It was a year in which the film industry – particularly Hollywood – told us left was right, up was down and any preconceived notions you have about the cinema ought to be left at the candy bar. 2011 was as unpredictable as they come, a mixed bag of surprises, pleasures and stinkers. Here we focus on the pleasures.
It was a year in which a movie most dismissed sight-unseen as a dumb big budget exercise in franchise flogging turned out to be a rousing and soulful look at man and animal, morality and science. It was a year in which a provocateur whose last film was unceasingly gratuitous chipped in a masterpiece. It was a year in which a Hollywood hunk led an edgy and brilliant genre piece, and another Hollywood hunk whose CV is washed out with forgettable lowbrow fare starred in the best film of the year.
For films to be eligible to appear in this list, they must have been released in Australia (a few screenings at a festival or two do not count) anytime during the calendar year.
And now onto the winners, arranged in no particular order other than the last title, which takes the Cinetology trophy for best film of the year.
Midnight in Paris, Barney’s Version, Submarine, Beginners, The Illusionist.
The Yellow Sea (South Korea)
It takes a while to click into high gear and, at nearly two and a half hours, it’s a long ride — but there ain’t a dead minute in writer/director Hong-Jin Na’s noirish South Korean crime epic about a down-on-his-luck Korean Chinese cabbie (Ha Jung-woo) who decides to pay off his mah-jong debts by taking on an assignment to whack a gangster. Naturally nothing goes to plan and his efforts create a trail of blood and violence; knives, axes and even soup bones carving up those kissed goodbye by Hong-Jin’s keen eye for grisly departures. The story mixes lower-class suburban desperation with a killing assignment, gangland war and one protracted hellzapoppin’ manhunt that comes on like a steam train and ups the ante of Hong-Jin’s terrific previous feature, The Chaser. Shot, acted and directed with frenetic eye-bulging style and detail, and brilliantly edited by Sun-min Kim (The Host), The Yellow Sea makes virtually every other 2011 action movie look like a trip to a puppy farm.
Not many hard-boiled crime films — or any films, for that matter — can pull off an 80s soundtrack and extensive use of pink Brush Script MT but Nicolas Winding Refn’s neo-noir scorcher, starring man-of-the-moment/month/year Ryan Gosling as a getaway car driver, can do no wrong. This is how they make noir these days: violent, uncompromising, bereft of the snap crackle dialogue of yesteryear. Nevertheless Drive is immaculately designed, tensely acted and tightly directed and plotted.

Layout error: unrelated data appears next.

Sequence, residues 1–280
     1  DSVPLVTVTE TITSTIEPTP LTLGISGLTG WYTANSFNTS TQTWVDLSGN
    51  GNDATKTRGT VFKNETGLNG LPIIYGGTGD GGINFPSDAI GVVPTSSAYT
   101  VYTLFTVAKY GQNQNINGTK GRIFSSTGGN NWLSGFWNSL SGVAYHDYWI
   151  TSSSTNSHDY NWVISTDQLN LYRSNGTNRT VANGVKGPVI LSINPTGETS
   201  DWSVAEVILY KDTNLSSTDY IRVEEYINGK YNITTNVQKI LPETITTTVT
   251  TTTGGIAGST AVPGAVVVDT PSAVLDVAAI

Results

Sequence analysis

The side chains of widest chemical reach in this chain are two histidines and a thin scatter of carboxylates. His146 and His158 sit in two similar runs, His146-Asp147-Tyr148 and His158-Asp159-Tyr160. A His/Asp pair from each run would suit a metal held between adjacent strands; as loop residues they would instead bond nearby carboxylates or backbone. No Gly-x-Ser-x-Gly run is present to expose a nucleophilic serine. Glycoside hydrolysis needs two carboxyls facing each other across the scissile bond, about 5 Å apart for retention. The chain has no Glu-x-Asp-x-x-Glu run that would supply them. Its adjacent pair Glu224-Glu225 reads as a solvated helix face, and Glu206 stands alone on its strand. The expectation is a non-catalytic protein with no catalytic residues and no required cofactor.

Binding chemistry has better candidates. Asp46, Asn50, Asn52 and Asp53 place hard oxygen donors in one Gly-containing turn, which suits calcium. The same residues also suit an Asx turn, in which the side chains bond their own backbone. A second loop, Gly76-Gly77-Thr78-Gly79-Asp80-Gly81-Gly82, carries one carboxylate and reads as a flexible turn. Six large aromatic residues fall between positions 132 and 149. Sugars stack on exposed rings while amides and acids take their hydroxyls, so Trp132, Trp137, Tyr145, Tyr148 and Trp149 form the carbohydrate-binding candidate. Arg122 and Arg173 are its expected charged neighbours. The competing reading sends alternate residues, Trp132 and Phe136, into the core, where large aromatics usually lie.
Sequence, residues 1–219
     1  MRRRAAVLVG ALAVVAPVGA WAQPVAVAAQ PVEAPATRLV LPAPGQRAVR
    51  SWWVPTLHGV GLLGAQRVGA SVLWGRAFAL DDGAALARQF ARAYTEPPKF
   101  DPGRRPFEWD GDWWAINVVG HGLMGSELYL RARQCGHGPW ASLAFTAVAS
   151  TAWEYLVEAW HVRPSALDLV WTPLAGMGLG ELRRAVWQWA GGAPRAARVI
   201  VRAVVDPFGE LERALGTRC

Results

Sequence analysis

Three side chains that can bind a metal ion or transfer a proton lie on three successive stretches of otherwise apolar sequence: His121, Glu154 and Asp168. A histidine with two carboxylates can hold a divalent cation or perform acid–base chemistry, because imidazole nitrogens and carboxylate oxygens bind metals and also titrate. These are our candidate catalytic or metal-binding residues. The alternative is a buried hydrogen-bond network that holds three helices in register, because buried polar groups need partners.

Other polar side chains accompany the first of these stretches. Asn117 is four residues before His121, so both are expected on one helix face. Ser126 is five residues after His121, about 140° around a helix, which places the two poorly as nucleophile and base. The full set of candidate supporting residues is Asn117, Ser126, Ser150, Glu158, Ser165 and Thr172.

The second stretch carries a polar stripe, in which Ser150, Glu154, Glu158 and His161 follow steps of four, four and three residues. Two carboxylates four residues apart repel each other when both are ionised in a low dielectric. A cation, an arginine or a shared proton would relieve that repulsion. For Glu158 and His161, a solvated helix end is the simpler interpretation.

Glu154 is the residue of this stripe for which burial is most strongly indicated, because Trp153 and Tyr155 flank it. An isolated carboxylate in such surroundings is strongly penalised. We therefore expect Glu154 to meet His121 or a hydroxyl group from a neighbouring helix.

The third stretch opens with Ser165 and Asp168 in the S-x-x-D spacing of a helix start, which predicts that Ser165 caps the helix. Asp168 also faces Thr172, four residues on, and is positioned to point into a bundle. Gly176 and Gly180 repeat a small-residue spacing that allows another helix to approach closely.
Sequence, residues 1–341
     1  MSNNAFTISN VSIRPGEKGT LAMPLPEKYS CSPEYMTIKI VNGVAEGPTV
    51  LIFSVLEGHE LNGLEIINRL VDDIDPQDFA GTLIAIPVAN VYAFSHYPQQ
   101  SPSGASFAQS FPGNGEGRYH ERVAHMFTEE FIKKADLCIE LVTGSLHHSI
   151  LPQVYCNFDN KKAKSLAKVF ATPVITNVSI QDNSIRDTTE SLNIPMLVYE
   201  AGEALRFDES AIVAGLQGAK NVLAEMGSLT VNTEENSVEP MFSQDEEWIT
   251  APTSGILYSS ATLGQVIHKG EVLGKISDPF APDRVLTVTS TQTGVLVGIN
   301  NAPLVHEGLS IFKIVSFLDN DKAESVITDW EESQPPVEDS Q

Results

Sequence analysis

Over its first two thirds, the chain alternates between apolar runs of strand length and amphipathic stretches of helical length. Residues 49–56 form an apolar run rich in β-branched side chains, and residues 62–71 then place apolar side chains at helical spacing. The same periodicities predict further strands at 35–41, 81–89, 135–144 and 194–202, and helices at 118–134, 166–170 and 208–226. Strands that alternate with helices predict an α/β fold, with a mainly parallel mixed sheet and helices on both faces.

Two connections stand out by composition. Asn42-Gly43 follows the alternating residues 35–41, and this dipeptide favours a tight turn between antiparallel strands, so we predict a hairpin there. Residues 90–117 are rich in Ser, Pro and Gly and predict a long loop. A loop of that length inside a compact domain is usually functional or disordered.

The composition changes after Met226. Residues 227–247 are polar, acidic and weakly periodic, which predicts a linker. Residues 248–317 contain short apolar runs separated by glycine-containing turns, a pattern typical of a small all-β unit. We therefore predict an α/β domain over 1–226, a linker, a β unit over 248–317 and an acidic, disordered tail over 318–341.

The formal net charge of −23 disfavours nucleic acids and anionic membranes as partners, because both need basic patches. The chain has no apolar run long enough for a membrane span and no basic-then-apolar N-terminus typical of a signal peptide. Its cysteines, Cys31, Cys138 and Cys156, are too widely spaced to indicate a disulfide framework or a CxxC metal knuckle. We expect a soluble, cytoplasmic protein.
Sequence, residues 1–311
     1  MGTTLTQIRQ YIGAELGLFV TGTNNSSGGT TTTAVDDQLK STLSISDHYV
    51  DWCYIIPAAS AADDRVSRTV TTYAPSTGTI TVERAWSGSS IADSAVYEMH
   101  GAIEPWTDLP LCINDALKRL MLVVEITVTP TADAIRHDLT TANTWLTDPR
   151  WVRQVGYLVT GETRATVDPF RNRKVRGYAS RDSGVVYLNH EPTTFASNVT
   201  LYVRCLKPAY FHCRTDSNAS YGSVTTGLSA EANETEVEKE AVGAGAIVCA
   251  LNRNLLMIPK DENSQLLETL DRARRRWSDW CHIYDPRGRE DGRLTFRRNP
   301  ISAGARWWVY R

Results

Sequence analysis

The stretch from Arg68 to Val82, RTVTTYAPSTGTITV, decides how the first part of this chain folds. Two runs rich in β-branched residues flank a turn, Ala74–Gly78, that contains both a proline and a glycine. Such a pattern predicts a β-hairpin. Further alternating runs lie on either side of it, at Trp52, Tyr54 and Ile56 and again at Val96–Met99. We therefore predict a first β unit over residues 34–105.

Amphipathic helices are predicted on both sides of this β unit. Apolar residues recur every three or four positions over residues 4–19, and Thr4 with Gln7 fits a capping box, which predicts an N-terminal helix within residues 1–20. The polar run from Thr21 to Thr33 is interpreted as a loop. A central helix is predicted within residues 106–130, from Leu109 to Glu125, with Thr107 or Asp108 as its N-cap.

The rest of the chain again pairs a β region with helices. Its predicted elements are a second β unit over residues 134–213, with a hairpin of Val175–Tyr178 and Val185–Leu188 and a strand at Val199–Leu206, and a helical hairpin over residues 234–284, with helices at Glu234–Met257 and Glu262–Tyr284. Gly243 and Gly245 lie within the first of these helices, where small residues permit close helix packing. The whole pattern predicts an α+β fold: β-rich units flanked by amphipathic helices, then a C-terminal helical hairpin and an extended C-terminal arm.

Rise of the Planet of the Apes (USA)
Ignore any preconceived notions you have about the Planet of the Apes movies. Director Rupert Wyatt makes a mockery of their monkey business by creating the biggest artistic surprise of cinema in 2011 — a deeply personal and searingly atypical multiplex movie with heart, soul, moral complexities and a plethora of superbly staged action sequences. The story of Caesar, a super intelligent ape raised as a human (and brought to life by actor Andy Serkis, with the aid of performance capture technology) provides a compelling companion piece to James Marsh’s documentary Project Nim. Hollywood blockbusters don’t get much better — or bolder — than this.
True Grit (USA)
Veteran writer/director/producer tag-team the Coen brothers are running out of genres to master. In this hard-boiled western the Coens remake a John Wayne classic and transform it into a dark, brooding, wickedly entertaining film showcasing another portfolio of handsome images from cinematographer and long-time collaborator Roger Deakins. If the ghost of John Wayne were to arise and challenge star Jeff Bridges (in a mesmerising Oscar winning performance) to put down his bottle and join him for a good ol’ round of pistols at dawn, there’d be no doubt which drunkard would head back to the saloon victorious.
First time feature filmmaker Justin Kurzel’s harrowing depiction of Australia’s infamous ‘bodies in the barrels’ case isn’t just a brilliant piece of blood curdling cinema and a study of how evil can poison lives and communities — it is also the most frightening Australian film ever made. A suburban drama with shocking verisimilitude, Kurzel’s debut sits on the same shelf as hard-hitting Australian masterpieces such as Samson & Delilah (2009), Breaker Morant (1980) and Wake in Fright (1971).
Sex & Drugs & Rock & Roll (UK)